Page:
In terms of performance, the all-wheel drive Q5 plug-in hybrid does not disappoint, despite the extra weight of the EV battery. The e-SUV pairs the electric motor with a 2.0-litre petrol engine. The EV can achieve 0-100 km/h in 5.3 seconds for the 55 TFSIe quattro S tronic and 0-100 km/h in 6.1 seconds for the 50 TFSIe quattro S tronic. Maximum output is 299 PS and 367 PS, respectively (top speed: 239 km/h). The plug-in electric SUV is well suited for urban and motorway driving.

Apart from the attractive exterior styling, the PHEV offers a generous and spacious interior for front and rear seat passengers. Having said that, the sloping roofline does slightly impact the headroom in the rear and also the rear-view visibility. Cargo volume has been impacted by the onboard EV battery and the coupé stying, but there is still 455 L available, albeit, smaller than the conventional Q5 SUV.

The interior quality is high, and the SUV is technology-laden, to include: Audi parking system plus, Audi pre-sense city, hill hold assist, city assist pack (optional), Audi virtual cockpit, MMI Navigation Plus with MMI Touch and more.

Bottom-line, electric driving is good for the environment and the wallet!

High quality interior and standard specificationsRear seats can be a squeeze (lower headroom due to sloping roofline)
Good looking exterior stylingFor top trims, fuel economy not as good as some alternative PHEVs
Decent EV battery size and zero-emission EV rangeRear view: blind spots


The Audi Q5 Sportback TFSIe (credit: Audi)

At A Glance
EV Type:Plug-In Hybrid Electric Vehicle (PHEV)
Body Type:Coupé-SUV
Available In Ireland:Yes

Variants (3 Options)
Audi Q5 SE 50 TFSIe quattro S tronic (from € 63,620)
Audi Q5 S line 50 TFSIe quattro S tronic (from € 65,785)
Audi Q5 Competition 55 TFSIe quattro S tronic (from € 73,175)

EV Battery & Emissions
EV Battery Type:Lithium-ion
EV Battery Capacity:Available in one battery size: 17.9 kWh
Charging:DC charging not available. On-board charger 7.2 kW AC (0% – 100%: 2 hrs 30 mins)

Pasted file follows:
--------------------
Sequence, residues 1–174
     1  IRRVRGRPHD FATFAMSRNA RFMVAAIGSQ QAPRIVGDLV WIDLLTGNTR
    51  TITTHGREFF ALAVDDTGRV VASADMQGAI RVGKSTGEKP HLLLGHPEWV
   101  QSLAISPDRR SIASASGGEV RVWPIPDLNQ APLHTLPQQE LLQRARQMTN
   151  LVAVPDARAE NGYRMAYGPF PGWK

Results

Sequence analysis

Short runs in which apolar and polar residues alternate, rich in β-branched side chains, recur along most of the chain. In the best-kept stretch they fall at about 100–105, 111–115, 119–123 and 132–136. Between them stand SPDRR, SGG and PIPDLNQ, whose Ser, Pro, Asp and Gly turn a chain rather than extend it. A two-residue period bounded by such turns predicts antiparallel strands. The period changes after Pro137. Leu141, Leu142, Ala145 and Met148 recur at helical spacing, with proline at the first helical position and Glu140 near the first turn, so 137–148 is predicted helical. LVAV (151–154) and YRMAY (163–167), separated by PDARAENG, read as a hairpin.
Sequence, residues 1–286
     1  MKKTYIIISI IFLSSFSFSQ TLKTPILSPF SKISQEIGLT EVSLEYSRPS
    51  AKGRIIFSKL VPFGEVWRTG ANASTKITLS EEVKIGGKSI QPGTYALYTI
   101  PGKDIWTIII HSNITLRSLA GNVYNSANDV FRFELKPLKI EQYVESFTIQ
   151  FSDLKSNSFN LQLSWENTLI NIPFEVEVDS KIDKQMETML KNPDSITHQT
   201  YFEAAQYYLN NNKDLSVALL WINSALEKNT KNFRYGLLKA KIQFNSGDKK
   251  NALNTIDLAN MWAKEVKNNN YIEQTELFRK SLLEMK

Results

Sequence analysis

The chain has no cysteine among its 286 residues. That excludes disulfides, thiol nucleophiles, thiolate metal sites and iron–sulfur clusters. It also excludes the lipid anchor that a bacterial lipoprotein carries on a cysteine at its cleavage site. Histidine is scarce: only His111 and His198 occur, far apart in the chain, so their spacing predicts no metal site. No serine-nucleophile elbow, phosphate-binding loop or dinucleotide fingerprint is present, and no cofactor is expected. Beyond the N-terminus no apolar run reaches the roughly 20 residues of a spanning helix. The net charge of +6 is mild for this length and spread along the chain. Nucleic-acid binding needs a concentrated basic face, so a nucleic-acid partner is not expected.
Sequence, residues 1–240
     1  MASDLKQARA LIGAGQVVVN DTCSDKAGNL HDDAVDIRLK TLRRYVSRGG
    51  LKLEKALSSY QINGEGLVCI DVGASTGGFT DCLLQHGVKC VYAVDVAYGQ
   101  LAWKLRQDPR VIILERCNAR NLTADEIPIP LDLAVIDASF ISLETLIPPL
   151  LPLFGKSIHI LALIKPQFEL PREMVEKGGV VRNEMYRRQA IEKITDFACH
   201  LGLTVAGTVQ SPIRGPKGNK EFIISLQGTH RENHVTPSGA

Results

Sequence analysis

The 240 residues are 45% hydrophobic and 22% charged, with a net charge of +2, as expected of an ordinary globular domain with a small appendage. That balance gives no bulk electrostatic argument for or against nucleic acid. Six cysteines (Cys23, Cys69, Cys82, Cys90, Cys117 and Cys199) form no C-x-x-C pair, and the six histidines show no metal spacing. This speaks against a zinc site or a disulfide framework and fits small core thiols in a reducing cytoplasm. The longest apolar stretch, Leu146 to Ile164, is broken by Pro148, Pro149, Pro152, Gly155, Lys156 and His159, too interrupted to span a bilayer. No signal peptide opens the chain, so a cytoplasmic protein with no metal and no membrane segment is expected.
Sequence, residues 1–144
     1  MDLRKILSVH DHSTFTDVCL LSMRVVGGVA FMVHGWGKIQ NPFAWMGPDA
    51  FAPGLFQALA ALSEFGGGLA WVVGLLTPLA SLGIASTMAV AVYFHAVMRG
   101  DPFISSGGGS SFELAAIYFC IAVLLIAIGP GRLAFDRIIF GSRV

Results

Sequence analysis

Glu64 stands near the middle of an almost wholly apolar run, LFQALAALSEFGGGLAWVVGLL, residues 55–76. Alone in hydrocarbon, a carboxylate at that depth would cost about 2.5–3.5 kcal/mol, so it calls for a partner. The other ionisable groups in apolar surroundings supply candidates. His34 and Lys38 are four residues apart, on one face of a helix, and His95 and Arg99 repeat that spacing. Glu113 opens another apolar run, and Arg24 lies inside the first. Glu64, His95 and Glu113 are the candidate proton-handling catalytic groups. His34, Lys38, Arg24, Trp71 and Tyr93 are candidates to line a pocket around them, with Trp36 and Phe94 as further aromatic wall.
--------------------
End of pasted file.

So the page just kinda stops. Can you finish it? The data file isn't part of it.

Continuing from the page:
Charge Port:Type 2
EV Cable Type:Type 2
Tailpipe Emissions:42 – 36g (CO2/km)
Warranty:8 years or 160,000 km

Average Cost Of Residential Charging
Battery net capacity : 8.8 kWh€ 2.10
Battery net capacity : 11.6 kWh€ 2.78
Battery net capacity : 12.0 kWh€ 2.87
Battery net capacity : 13.10 kWh€ 3.14
Battery net capacity : 14.10 kWh€ 3.37
  • Note 1: The average cost of residential electricity in Ireland varies depending on the region, supplier and type of energy used. An average for Ireland is 23.97 cents/kWh.
  • Note 2: Not all EV manufactures make available the data on net EV battery capacity, and in a number of instances the EV battery capacity advertised, does not state if it is gross or net capacity. In general, usable EV battery capacity is between 85% to 95% of the gross available capacity.

Charging Times (Overview)
Slow charging AC (3 kW – 3.6 kW):6 – 12 hours (dependent on size of EV battery & SOC)
Fast charging AC (7 kW – 22 kW):3 – 8 hours (dependent on size of EV battery & SoC)
Rapid charging AC (43 kW):0-80%: 20 mins to 60 mins (dependent on size of EV battery & SoC)
  • Note 1: SoC: state of charge

Height (mm):1658
Width (mm):2140
Length (mm):4689
Wheelbase (mm):2819
Turning Circle (m):11.8
Boot capacity (L):455

50 TFSIe quattro S tronic
EV Battery Capacity:17.9 kWh
Pure Electric Range (WLTP):61 km
Electric Energy Consumption (kWh/100km):20.5 – 21.6
Fuel Consumption (l/100km):2.0 – 1.7
Charging:DC charging not available. On-board charger 7.2 kW AC (0% – 100%: 2 hrs 30 mins)
Top Speed:239 km/h
0-100 km/h:6.1 seconds
Drive:All-wheel drive (AWD)
Electric Motor (kW):N/A
Max Power (PS):299
Torque (Nm):500
Unladen Weight (kg):2,150
NCAP Safety Rating:Five-Star

55 TFSIe quattro S tronic
EV Battery Capacity:17.9 kWh
Pure Electric Range (WLTP):58 km
Electric Energy Consumption (kWh/100km):21.4 – 21.6
Fuel Consumption (l/100km):2.0 – 1.7
Charging:DC charging not available. On-board charger 7.2 kW AC (0% – 100%: 2 hrs 30 mins)